At a thrift store yesterday, I found a really clean copy of the Coats & Clark's Sewing Book: Newest Methods from A to Z (1967) So, yes there's another vintage sewing book for my collection.

Friday, September 26, 2014

The Rundown - Color, Pattern, And Fit

While taking this time off from the blog, I have found myself thinking about my wardrobe quite a bit. Since I wear a uniform the majority of my days now, when I get to venture from it, choosing what I wear becomes more important. It might just be escorting my father to one of his many medical appointments; however, what I'm wearing reveals a bit about me and what I like, right?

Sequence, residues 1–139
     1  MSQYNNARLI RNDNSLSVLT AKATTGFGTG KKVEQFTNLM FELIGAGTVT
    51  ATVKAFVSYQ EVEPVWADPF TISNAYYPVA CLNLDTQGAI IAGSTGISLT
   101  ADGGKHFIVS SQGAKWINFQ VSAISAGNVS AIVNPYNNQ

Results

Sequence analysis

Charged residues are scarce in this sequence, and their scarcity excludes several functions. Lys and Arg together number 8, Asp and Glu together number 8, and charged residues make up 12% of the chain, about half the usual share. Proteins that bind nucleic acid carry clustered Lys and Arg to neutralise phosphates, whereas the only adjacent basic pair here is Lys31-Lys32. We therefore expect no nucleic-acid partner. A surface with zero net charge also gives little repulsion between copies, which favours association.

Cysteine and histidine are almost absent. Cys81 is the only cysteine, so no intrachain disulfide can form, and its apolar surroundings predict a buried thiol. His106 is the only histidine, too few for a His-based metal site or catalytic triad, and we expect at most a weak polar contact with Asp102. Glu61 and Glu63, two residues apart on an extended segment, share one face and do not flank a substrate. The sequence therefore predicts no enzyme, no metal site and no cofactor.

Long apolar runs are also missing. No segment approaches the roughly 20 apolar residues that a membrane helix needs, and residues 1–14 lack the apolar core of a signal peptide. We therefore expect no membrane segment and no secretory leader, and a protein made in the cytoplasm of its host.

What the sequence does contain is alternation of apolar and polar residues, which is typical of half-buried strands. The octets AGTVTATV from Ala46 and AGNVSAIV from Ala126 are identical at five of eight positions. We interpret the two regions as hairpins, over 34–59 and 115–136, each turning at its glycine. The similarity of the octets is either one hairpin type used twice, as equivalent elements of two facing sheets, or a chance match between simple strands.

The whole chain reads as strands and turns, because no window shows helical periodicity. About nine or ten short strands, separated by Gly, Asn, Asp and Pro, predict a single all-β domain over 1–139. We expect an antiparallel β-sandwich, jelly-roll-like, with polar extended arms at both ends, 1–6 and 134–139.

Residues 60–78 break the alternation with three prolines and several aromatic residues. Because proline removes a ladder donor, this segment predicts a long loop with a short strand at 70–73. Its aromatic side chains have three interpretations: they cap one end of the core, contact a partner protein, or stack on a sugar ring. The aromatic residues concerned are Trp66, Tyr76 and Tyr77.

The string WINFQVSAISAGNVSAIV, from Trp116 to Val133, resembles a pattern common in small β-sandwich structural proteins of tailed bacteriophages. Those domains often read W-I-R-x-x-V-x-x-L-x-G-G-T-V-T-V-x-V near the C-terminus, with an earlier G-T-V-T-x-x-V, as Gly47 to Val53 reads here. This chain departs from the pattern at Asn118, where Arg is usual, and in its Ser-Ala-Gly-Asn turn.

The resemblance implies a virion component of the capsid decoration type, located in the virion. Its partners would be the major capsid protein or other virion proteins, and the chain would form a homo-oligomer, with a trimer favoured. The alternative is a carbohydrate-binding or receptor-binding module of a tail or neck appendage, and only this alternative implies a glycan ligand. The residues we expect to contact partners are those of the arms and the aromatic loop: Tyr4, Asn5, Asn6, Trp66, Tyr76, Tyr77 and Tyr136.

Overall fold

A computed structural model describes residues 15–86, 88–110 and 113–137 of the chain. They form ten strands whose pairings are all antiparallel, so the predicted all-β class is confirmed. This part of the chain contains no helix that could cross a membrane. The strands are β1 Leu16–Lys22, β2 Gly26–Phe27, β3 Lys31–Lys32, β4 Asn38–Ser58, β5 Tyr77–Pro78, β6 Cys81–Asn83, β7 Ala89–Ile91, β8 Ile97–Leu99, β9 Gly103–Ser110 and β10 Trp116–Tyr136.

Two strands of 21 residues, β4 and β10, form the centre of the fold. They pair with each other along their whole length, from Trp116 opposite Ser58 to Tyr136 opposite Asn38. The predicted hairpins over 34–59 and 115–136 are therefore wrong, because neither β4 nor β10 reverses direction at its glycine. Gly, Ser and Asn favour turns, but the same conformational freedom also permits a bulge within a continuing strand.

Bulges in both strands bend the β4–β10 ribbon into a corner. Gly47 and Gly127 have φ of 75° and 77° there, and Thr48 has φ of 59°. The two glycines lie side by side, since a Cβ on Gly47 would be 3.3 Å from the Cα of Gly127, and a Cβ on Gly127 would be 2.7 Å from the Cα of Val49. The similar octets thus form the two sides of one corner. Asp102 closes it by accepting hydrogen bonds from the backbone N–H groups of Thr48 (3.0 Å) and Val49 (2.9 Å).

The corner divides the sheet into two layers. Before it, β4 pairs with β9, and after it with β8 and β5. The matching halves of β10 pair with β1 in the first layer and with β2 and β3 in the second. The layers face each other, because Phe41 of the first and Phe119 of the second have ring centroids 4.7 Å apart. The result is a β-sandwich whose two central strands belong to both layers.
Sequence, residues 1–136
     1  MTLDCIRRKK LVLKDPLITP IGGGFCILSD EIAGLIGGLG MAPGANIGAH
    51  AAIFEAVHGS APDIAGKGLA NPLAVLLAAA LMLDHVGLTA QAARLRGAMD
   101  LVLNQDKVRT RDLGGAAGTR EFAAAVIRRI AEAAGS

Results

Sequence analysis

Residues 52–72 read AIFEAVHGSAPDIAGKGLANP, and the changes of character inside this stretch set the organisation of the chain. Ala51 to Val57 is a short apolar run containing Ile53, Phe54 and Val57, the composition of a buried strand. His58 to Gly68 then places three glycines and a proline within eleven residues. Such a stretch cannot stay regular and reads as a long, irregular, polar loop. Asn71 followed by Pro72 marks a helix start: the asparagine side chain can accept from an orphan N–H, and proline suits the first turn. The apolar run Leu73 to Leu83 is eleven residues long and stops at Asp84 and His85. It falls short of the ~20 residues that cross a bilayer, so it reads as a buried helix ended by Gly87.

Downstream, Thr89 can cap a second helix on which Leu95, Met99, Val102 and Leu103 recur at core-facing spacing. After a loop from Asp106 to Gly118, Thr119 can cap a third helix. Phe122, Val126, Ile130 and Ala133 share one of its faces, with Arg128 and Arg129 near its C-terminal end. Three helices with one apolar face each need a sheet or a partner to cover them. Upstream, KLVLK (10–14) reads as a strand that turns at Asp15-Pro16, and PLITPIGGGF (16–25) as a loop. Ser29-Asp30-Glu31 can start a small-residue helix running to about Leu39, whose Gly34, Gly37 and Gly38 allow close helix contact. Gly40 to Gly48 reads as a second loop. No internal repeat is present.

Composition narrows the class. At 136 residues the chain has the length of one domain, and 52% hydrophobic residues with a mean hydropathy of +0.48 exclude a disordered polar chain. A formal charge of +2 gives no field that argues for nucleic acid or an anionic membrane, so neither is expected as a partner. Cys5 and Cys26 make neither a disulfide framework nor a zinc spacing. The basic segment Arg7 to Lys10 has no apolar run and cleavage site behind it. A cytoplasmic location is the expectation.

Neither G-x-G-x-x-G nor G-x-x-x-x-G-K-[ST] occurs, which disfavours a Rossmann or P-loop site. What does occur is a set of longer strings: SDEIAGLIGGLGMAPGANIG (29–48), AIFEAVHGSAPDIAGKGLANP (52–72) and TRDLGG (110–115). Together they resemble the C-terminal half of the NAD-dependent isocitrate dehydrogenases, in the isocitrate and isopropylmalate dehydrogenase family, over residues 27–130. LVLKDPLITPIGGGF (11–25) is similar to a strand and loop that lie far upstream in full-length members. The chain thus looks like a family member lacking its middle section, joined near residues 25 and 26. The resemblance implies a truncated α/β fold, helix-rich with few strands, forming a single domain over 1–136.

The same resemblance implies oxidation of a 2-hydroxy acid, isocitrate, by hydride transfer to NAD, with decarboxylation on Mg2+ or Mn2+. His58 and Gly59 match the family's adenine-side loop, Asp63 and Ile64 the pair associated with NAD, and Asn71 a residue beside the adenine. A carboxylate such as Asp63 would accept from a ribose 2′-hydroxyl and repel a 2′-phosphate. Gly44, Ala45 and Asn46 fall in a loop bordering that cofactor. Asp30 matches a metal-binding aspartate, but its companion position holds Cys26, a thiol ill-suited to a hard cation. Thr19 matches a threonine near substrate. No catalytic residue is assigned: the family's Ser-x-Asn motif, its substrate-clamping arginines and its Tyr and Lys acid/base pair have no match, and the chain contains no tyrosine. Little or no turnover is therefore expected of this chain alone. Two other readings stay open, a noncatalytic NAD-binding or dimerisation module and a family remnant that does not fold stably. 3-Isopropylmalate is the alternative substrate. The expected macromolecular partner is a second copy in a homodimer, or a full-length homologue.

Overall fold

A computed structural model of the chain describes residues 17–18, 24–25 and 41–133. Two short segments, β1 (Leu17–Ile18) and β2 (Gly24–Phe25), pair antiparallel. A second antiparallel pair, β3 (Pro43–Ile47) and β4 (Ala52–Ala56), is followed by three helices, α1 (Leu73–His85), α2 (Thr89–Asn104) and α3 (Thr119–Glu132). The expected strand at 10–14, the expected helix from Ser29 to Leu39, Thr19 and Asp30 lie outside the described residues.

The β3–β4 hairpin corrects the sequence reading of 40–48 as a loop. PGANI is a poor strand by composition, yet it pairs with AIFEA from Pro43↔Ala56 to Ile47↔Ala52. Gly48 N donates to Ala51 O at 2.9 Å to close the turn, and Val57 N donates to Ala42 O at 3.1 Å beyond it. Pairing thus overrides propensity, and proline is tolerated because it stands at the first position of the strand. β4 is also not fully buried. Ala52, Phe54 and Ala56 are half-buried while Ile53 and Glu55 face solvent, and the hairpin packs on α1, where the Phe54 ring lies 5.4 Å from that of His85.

Here is the majority of my handmade wardrobe. Let's dissect it, all right?

8 Florals
Looking at my wardrobe in these pictures reveals that at least in my wardrobe I am attracted to florals more than graphic angular prints and patterns. which surprises me, as I stayed as far away from florals (and pink) as much as I could as a child/teen. In addition, a lot of these florals are very dainty and delicate (V9772), though there are some bold (S3835/V8392) and/or abstracted (B5429, Paprika Jade, NL6939, M5042) ones too.

10 Non-Floral Prints
The few abstract prints are the black & white Ikat Grainline Scout, the gingham and polka dots of my Sorbettos, Burdastyle boatneck stripes, the confetti dots of B5429 and the One-hour dress, and the gorgeous madras plaid of M6712. I would love to buy more exotic prints but most of my stash stills hails from either JoAnns or Hancock Fabrics. Who knows what would happen if I were let loose at Mood, Britex, or Gorgeous Fabrics.